Magazine article Geographical

Biting Back: Snake Bites Remain a Major Danger for People in Developing Countries, with over 4.5 Million Bites Recorded Annually. Could a Recent Breakthrough Be the First Step towards a Universal Anti-Venom?

Magazine article Geographical

Biting Back: Snake Bites Remain a Major Danger for People in Developing Countries, with over 4.5 Million Bites Recorded Annually. Could a Recent Breakthrough Be the First Step towards a Universal Anti-Venom?

Article excerpt

For many rural and agricultural communities around the world - particularly in India and sub-Saharan Africa - there are few more immediate daily threats than that of venomous snake bites. More than 100,000 deaths are recorded annually, with a further 2.7 million people suffering crippling injuries.

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One major problem is economics; developing anti-venoms for each individual snake species is time-consuming (often involving the collection of antibodies from horses in Mexico or Australia which have been previously injected with the venom) and, therefore, expensive. With a lack of affordable healthcare, the people most in danger of experiencing a poisonous snake bite often have limited access to the expensive procedures - potentially up to $100,000 -necessary to save their lives in the aftermath of a bite.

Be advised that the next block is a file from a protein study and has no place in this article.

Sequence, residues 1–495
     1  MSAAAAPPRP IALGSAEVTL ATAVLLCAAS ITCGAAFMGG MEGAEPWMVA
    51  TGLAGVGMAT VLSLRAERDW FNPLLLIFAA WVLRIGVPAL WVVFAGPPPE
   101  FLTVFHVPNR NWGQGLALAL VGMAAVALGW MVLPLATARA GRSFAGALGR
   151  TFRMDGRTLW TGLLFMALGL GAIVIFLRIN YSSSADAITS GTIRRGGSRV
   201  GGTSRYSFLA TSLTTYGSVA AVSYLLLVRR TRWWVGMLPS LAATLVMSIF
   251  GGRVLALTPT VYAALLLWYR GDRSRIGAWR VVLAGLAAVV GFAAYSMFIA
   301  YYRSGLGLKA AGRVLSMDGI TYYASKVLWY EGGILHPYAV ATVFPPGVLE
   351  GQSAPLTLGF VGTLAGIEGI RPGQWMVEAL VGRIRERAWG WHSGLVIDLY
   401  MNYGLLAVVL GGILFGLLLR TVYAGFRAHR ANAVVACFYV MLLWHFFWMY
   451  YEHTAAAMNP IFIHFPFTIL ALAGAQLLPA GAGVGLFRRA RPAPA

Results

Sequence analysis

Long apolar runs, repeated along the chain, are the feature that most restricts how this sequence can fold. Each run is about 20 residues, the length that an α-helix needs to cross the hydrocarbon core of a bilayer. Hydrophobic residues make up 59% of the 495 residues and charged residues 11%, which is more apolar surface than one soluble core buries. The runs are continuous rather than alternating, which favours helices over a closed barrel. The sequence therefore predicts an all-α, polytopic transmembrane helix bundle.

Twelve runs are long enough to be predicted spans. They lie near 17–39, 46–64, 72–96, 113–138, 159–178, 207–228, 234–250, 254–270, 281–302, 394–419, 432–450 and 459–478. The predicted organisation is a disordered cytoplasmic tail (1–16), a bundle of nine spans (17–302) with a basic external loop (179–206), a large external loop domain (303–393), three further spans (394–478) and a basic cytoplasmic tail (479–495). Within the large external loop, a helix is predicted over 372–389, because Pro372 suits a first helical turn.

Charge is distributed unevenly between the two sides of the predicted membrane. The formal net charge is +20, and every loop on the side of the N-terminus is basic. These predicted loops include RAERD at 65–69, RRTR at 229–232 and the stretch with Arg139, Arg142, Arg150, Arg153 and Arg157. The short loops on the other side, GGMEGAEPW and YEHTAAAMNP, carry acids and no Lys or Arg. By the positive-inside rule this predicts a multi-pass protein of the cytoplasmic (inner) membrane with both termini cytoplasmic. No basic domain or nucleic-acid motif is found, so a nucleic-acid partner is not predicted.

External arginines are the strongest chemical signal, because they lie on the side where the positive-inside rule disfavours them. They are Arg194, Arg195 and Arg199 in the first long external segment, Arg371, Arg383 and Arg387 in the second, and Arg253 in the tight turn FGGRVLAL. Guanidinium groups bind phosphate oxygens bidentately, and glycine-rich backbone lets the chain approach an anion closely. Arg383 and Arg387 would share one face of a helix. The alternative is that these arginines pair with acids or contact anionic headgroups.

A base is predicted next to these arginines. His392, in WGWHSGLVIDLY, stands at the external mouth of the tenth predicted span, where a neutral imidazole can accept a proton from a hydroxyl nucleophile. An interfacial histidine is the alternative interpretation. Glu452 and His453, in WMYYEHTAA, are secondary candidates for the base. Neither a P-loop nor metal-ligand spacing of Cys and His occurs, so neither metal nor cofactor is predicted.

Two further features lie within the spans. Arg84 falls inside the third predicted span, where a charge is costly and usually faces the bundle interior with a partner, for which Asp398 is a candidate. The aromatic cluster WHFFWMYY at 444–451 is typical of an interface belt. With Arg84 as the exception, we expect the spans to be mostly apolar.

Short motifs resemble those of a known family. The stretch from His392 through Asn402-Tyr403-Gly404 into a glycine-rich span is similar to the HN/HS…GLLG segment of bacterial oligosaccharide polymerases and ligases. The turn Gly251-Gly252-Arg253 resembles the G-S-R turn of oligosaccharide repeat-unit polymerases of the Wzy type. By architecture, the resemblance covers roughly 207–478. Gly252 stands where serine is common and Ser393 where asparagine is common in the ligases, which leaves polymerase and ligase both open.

Step forward the 'nanodote'. Developed by chemists at the University of California, Irvine, this anti-venom utilises revolutionary nanotechnology to recognize proteins familiar to a wide variety of snake venom, and, by absorbing the toxins contained within, is capable of stopping them from rupturing cell membranes, and consequently preventing severe injuries and fatalities. …

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